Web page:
An approaching predator inspires ultrasonic rasping in insect prey
J. Barber and A. Kawahara
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Sonar pings from a hungry bat closing in can inspire hawkmoths to get their genitals trilling.
The ultrasonic “eeeee” of scraping moth sex organs may serve as a last-second acoustic defense, says behavioral ecologist Jesse Barber of Boise State University in Idaho. In theory, the right squeak could jam bats’ targeting sonar, remind them of a noisy moth that tasted terrible or just startle them enough for the hawkmoth to escape.
Males of at least three hawkmoth species in Malaysia squeak in response to recorded echolocation sounds of the final swoop in a bat attack, Barber and Akito Kawahara of the University of Florida in Gainesville report July 3 in Biology Letters.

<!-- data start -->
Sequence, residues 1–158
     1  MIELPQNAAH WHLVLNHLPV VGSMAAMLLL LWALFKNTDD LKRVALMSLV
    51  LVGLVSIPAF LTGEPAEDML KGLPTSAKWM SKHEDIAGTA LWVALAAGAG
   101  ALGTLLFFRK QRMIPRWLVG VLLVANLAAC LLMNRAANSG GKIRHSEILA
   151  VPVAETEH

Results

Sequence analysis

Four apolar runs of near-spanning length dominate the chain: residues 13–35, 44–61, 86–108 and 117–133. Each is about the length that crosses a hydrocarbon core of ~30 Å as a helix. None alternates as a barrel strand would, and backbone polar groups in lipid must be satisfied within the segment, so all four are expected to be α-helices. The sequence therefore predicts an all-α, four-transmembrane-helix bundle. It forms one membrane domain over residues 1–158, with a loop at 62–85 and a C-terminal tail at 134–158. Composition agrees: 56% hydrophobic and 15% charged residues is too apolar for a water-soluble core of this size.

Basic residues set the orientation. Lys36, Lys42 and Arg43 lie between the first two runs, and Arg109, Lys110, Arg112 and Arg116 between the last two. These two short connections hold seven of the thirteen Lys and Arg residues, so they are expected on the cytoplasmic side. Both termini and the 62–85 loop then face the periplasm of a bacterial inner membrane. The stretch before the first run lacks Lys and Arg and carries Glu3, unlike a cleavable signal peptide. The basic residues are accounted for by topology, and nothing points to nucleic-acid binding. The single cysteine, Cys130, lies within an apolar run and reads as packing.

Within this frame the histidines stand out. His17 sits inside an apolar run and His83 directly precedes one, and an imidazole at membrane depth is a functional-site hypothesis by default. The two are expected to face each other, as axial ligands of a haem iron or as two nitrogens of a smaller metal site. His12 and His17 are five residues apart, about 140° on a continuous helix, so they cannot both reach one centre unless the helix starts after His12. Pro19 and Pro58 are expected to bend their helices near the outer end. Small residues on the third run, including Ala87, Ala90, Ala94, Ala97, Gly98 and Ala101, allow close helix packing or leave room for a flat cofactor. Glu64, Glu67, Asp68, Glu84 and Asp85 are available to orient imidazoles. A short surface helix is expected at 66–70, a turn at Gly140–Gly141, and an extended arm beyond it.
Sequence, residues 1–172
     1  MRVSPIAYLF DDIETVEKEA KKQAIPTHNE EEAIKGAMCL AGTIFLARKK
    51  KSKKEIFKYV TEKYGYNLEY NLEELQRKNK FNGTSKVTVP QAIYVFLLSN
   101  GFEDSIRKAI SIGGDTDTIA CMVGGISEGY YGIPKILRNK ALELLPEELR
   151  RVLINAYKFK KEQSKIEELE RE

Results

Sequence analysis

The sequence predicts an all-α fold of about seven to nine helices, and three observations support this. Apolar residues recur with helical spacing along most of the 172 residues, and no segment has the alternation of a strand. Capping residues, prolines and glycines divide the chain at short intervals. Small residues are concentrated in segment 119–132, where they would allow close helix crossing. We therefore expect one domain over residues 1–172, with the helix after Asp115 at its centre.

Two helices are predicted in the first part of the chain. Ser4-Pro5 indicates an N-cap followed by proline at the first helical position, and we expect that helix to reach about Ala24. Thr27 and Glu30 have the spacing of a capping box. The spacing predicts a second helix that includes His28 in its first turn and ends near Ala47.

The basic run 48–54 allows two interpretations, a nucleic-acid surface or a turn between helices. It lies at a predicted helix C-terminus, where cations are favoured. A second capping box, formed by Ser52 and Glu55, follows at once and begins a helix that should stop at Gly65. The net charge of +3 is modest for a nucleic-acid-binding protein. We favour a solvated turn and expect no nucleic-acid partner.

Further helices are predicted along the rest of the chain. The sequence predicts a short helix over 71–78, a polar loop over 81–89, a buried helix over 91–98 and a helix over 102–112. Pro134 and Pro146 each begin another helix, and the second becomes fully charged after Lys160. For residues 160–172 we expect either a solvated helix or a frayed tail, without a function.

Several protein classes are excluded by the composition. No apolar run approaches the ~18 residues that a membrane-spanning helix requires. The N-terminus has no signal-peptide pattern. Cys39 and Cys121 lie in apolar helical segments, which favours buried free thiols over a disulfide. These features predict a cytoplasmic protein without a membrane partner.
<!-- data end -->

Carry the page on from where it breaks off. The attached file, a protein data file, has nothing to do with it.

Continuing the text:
Female hawkmoths are hard to catch, but the few Barber and Kawahara have tested squeak too. Although they’re the same species as the males, they use their genitals in a different way to make